Now, we are left with how do we reconcile potential differences between the natural world and what the Bible says. Here's the point. If all truth is God's truth and the Bible is God's inspired and infallible word to us, then the book of God's words - the Bible - is not going to contradict the book of God's works. In other words, nature, what God did, what God has created. We should always be seeking to harmonize scripture and our understanding of the world. Now sometimes scripture is going to correct our understanding of the world. It's going to say no, this scientific conclusion cannot be true because of what we have clear evidence for in scripture.
Other times, what we come to understand about the universe, God's universe, through God's creation, using the gift of reason God has given us, will help us better understand what is meant in scripture. In principle we do this in a variety of ways. For example, we come to better understand the Ancient Greek language. This helps us better understand scripture. In the same way, as we come to better understand the universe, we can actually see that it's possible the universe is billions of years old.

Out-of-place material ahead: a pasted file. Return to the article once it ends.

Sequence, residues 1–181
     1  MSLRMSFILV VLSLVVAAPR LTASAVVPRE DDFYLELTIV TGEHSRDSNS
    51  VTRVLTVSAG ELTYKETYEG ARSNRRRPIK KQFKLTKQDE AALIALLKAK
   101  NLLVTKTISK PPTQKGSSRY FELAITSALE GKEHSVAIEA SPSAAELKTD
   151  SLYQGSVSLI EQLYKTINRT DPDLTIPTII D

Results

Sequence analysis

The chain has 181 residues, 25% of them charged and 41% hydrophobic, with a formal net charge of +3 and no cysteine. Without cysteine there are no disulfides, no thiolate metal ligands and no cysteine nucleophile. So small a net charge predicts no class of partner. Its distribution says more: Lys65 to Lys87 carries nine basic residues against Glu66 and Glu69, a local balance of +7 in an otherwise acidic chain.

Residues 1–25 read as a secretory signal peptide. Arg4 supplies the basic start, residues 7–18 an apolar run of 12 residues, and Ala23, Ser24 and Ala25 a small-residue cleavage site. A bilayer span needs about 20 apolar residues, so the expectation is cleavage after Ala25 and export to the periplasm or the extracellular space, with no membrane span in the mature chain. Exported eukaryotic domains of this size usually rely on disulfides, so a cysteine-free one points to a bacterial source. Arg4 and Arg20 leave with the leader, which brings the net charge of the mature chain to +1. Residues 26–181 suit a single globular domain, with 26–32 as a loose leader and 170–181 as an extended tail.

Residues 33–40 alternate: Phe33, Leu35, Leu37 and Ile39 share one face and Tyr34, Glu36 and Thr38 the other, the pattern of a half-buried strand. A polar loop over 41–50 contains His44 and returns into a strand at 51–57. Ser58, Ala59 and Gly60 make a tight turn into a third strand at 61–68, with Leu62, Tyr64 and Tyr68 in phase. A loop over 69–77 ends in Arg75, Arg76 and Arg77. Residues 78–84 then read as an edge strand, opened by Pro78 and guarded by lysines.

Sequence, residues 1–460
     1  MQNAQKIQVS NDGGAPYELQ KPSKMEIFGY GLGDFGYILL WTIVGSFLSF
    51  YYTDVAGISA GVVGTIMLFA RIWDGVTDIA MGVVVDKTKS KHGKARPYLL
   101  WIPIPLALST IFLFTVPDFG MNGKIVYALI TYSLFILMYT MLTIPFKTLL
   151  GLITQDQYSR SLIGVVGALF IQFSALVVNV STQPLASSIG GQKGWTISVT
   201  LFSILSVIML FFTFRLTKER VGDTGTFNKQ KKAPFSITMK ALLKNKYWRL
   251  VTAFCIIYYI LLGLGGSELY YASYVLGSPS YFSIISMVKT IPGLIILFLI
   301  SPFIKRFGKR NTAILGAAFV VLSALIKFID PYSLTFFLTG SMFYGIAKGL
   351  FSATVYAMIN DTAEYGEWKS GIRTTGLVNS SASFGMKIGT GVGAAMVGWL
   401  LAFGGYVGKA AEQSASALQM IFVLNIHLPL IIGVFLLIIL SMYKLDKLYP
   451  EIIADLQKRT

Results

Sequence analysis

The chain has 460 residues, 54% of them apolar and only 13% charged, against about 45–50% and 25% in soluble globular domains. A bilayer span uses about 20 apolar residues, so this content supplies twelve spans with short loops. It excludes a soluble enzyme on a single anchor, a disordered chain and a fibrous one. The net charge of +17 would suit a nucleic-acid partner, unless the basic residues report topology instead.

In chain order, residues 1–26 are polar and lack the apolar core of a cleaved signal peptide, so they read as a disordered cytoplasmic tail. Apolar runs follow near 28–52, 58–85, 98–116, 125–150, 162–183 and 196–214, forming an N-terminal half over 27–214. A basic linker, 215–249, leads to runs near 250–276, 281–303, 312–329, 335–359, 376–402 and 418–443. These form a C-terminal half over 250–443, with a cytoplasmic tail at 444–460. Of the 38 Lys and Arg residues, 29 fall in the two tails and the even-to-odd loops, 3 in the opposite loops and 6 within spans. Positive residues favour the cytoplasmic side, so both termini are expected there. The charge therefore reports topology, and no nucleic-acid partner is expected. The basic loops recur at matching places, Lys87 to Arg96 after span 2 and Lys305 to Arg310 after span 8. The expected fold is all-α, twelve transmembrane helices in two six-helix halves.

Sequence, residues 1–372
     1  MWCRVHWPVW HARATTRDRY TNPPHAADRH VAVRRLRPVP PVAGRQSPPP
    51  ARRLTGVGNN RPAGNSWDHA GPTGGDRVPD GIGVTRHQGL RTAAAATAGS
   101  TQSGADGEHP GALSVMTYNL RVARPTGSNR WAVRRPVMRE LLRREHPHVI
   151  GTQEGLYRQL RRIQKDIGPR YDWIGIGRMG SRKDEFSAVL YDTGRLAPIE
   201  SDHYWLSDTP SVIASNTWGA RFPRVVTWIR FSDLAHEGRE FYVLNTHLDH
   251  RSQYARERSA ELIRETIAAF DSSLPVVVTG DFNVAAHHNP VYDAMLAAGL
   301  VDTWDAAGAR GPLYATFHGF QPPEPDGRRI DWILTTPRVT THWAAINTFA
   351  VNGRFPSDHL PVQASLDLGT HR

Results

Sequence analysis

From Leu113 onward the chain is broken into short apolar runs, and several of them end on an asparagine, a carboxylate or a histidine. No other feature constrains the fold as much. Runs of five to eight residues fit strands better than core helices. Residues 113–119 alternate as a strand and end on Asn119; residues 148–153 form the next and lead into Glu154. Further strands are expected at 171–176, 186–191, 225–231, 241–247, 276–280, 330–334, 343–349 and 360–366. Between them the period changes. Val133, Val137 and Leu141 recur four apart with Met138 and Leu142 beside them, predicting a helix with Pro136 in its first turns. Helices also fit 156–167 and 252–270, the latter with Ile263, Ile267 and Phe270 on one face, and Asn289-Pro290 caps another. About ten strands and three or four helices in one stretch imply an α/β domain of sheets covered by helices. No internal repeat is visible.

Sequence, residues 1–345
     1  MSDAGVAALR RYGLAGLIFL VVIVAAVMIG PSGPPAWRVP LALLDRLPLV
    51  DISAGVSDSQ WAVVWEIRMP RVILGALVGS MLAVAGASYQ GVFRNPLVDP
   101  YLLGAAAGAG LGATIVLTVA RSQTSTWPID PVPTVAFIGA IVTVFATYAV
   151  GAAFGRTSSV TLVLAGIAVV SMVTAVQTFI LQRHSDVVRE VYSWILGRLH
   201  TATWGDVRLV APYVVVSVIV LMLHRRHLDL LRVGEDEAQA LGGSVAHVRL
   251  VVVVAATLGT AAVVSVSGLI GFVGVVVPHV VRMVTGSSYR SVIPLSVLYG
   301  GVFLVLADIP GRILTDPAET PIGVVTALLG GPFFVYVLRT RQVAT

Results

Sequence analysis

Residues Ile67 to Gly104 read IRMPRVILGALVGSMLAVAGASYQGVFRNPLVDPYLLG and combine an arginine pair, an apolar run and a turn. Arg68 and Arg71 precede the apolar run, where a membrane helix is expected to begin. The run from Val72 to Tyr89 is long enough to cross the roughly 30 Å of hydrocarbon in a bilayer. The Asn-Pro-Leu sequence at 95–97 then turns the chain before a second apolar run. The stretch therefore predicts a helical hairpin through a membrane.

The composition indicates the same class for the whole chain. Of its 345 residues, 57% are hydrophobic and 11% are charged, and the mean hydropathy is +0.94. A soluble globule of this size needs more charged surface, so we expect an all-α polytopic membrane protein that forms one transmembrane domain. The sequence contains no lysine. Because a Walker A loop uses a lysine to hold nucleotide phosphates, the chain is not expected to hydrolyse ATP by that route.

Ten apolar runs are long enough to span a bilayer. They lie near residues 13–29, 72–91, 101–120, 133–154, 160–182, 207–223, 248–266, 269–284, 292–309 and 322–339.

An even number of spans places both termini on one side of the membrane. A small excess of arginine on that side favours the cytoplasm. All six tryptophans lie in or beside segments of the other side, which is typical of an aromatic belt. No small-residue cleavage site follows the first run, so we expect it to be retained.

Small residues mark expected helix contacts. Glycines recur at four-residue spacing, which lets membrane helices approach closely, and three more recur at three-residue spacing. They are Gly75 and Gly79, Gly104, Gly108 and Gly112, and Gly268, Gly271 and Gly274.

But, there is something that the Bible tells us is strictly important, and we should never reject through anything a scientist may tell us. That is that God did the creating. There's disagreement from reading scripture and taking Genesis 1 seriously as to the age of the earth. Maybe we'll get into this later in more detail. However, it does start out in the very first book, in the very first chapter saying, "God created the heavens and the earth." That leaves no room for uncaused causes. It leaves no room for evolution or creation by chance, for such a thing is a contradiction in terms. It doesn't leave room for that. Scripture is exceedingly clear on God doing the work, God taking credit for creation, and creating to his glory alone. When we try and redefine that in terms of some naturalistic, unguided, random process that had no cause for no reason, we deprive God of the glory due his name, for creation testifies to the majesty and power and glory and splendor of God.